Zynga Shares Rise 5% In After-Hours On Real-Money Games Launch Tomorrow

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Zynga’s shares are up by 5 percent in after-hours trading on news that the company is launching its first real-money games in the U.K. tomorrow.

The company is bringing ZyngaPlusPoker and ZyngaPlusCasino to U.K. players tomorrow through a partnership with bwin.party, one of the world’s biggest real-money gaming operators. At first, the games will be downloadable or on the web, but Zynga plans to bring them to Facebook and mobile platforms later in the year.

They could come to U.S. players later, but only as state or federal laws will allow. A handful of states, including Nevada and New Jersey, have passed legislation to allow online gambling. Under financial pressures from a long period of slow economic growth, about a dozen or more states are also considering pushing legal online gambling forward.

But many of these laws favor existing land-based casinos ahead of companies that are purely online. Zynga might be pressured to partner with a casino there to make it work, even though they filed an Application for a Preliminary Finding of Suitability from the Nevada Gaming Control Board last December.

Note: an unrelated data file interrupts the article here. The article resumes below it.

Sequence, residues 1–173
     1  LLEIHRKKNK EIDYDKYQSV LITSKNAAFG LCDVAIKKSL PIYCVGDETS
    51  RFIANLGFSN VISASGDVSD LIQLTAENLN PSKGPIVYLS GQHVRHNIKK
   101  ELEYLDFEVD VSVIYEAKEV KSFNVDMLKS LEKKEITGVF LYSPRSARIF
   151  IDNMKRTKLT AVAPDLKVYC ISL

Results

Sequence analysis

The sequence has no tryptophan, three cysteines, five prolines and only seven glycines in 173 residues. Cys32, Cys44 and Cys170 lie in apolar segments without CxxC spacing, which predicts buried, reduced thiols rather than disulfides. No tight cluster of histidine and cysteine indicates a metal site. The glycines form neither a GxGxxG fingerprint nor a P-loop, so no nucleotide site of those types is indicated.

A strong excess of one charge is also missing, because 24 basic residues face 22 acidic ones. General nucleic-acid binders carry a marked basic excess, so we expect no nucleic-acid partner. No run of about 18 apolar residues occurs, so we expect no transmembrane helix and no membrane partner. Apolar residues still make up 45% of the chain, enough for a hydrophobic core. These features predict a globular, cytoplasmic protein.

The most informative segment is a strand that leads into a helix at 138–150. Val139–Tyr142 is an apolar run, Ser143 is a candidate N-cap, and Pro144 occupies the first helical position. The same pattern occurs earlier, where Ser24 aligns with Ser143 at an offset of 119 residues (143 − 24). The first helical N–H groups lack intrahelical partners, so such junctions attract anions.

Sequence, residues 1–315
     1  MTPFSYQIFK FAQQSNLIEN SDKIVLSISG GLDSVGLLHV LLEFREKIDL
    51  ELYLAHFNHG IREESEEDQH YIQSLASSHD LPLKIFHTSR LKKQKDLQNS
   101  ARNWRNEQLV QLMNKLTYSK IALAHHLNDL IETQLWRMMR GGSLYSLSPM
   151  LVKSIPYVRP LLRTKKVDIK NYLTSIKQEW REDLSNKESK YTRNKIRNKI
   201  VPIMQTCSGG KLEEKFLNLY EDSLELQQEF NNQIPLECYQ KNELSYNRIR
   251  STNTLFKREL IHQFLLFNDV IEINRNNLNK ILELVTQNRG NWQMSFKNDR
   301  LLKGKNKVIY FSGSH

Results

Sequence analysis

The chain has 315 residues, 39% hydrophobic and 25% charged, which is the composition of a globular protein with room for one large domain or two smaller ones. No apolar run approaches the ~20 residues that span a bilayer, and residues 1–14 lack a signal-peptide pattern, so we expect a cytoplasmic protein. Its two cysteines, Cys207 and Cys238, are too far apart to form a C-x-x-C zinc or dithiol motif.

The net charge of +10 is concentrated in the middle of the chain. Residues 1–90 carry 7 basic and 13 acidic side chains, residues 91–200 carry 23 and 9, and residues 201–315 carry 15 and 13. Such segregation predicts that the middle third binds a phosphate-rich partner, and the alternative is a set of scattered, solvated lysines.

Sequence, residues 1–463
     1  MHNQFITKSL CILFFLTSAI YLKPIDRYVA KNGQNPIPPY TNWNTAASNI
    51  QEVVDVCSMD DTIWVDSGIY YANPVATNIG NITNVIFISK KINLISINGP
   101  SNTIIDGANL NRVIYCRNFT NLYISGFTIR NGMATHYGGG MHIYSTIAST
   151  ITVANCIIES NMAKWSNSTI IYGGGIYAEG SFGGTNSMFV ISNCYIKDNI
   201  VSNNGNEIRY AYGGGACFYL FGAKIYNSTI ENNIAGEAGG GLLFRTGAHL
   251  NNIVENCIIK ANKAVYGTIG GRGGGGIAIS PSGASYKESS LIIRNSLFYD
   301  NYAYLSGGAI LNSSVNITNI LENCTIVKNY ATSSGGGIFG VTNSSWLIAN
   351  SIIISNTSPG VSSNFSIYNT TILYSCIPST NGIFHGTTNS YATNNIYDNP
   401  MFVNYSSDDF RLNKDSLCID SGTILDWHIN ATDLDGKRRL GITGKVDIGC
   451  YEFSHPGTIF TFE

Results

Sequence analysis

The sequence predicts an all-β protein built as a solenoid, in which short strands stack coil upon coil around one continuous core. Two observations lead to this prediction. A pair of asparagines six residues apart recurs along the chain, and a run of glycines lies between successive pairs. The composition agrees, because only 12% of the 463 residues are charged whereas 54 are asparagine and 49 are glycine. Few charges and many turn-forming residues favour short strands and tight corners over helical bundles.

As for the launch tomororw, Zynga’s U.K. arm and bwin.party plan to launch games that could include as many as 180 other casino titles like roulette and blackjack over the year. The poker title is basically an online poker room, while the casino title has about 160 familiar betting games.

Zynga already has a very successful Poker title on iOS and Facebook that uses virtual currency. Zynga Poker was the company’s very first social game, the highest grossing app of 2012 on the iOS app store chart, and Zynga’s second-highest grossing title last year behind FarmVille. The Zynga Poker title generated 19 percent of Zynga’s online game revenue last year, or $217.4 million alone, according to its annual report.

So if the company were able to add real-money gaming, which would increase average revenues per user substantially, it could change the character of Zynga’s business fundamentally.

The thing is that real-money gaming is incredibly competitive in the U.K. Even though revenues rise per user, so do marketing costs as real-money gaming companies are pressured to spend an order of magnitude more to lure the most lucrative players. Total revenues may rise, but it doesn’t mean profits increase proportionally.